Since its release in December, more than 40,000 have registered and are using Watson Analytics. For instance, Mueller manufactures metal roofing across the central and south-western United States—an area known for extreme weather.
In Texas alone, residents from the Panhandle to the Rio Grande Valley can experience drought conditions one moment and golf ball-sized hail and tornados the next. And while Mueller’s products can withstand the extreme forces of Mother Nature, weather can still compound traditional business challenges like revenue forecasting.
“Before Watson Analytics, we used a basic formula to gauge and forecast revenue,” Lack said. “We would take our daily invoice revenue, month-to-date, divide it by the number of business days for the daily average and then multiply that by the number of days left in the month. The formula was OK, but it was never accurate until the last week of the month.”
That all changed with Watson Analytics. By inputting a variety of variables into the system, including everything from invoice data, to the number of projects ongoing, to even the number of phone calls received, Mueller was able to consistently produce highly accurate revenue forecasts, quickly and easily.
With more accurate revenue forecasts available earlier each month, Mueller was able to start identifying and confirming trends, said Lack. With such insights, the company was able to begin re-aligning staffing and sometimes entire jobs. “With more accurate forecasts, we can mitigate if not eliminate guesswork, as well as surprises,” Lack said.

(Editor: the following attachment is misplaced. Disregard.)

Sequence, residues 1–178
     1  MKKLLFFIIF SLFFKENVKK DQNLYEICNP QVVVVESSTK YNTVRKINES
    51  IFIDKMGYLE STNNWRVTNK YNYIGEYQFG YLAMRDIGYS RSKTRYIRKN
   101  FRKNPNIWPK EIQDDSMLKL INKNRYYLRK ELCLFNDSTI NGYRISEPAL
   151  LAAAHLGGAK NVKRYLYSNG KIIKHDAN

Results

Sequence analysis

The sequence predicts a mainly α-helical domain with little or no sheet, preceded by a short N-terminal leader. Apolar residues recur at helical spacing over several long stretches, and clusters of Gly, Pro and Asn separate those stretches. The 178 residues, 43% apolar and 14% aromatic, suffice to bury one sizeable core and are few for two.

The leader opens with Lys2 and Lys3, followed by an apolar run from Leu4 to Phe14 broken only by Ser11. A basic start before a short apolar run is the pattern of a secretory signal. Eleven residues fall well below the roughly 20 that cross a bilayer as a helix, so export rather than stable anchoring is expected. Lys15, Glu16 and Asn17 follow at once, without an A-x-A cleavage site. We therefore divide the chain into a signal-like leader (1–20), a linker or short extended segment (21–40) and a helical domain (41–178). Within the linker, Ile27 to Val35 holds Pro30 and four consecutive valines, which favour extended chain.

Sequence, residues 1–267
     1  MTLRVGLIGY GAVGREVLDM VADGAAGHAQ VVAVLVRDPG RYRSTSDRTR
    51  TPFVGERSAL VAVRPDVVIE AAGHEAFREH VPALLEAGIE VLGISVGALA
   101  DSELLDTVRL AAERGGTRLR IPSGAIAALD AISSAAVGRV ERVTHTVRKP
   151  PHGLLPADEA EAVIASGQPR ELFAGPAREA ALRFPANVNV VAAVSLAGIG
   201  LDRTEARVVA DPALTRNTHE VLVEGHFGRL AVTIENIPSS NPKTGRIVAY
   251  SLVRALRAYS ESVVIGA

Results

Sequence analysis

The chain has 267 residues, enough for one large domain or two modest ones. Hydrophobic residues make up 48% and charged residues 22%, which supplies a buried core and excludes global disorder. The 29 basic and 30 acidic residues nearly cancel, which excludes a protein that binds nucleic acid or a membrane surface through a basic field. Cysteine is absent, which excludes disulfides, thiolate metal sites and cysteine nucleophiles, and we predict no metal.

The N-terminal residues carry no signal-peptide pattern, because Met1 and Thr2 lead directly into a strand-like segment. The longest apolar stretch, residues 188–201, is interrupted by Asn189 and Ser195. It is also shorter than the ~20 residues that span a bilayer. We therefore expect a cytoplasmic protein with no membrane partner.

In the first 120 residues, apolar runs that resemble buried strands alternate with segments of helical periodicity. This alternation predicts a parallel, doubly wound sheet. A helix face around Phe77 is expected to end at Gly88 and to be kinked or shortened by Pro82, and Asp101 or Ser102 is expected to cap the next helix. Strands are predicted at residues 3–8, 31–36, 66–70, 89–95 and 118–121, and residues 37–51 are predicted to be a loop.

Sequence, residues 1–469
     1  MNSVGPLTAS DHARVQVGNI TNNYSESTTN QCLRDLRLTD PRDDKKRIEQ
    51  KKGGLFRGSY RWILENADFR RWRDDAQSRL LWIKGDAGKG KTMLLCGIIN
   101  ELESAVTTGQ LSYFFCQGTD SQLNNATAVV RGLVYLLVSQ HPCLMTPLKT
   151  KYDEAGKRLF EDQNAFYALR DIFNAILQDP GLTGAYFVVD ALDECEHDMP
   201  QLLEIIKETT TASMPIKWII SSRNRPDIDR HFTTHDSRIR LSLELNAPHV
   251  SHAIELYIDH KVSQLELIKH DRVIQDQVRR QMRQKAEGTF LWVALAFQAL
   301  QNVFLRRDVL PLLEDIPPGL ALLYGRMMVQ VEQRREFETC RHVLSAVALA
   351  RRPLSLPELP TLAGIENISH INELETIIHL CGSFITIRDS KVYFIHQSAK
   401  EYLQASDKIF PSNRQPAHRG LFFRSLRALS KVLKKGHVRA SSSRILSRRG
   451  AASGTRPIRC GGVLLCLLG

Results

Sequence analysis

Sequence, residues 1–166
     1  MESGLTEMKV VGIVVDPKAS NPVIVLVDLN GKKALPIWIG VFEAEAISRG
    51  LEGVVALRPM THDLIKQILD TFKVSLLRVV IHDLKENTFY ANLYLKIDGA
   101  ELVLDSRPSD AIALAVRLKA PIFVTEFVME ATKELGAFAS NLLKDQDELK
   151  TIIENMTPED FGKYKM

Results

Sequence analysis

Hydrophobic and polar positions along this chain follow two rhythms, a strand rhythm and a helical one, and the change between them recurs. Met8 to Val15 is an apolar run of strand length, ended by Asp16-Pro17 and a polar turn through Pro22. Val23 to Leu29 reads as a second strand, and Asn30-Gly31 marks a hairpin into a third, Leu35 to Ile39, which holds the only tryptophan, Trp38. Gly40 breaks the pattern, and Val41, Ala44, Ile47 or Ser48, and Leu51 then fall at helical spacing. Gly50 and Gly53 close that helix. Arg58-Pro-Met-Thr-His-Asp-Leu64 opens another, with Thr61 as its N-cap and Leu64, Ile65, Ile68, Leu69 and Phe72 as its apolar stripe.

But most important to Lack, is Watson Analytics’ ability to inspire additional queries and analysis. “The system produces search and query results so fast, and in such an easy-to-view format, that it really sparks new ideas and ‘what-if’ questions,” he said. “That’s a unique power of this system.”
For its part, Legends, which handles professional and college sporting events, uses Watson Analytics to gain fast insights into a variety of business areas, particularly its hospitality operations.
“We knew we had certain stand locations that were outperforming others and wanted to know, what was driving it,” De Lord said. “After uploading pertinent data around transaction times, attendance, number of stands open, and even the weather, we were able to identify numerous aspects critical to operational success.”
Meanwhile, Watson Analytics Professional also provides users with access to 50,000 tweets per dataset to better understand the social sentiment surrounding a particular topic of analysis. The solution, which is $80 per user per month, also supports up to 100GB of data storage.
Watson Analytics Professional joins two other solutions in the family, Watson Analytics Personal, which is $30 per user per month and supports up to 2GB of data storage, and Watson Analytics, which is free to users and supports up to 500MB.
Originally published on eWeek.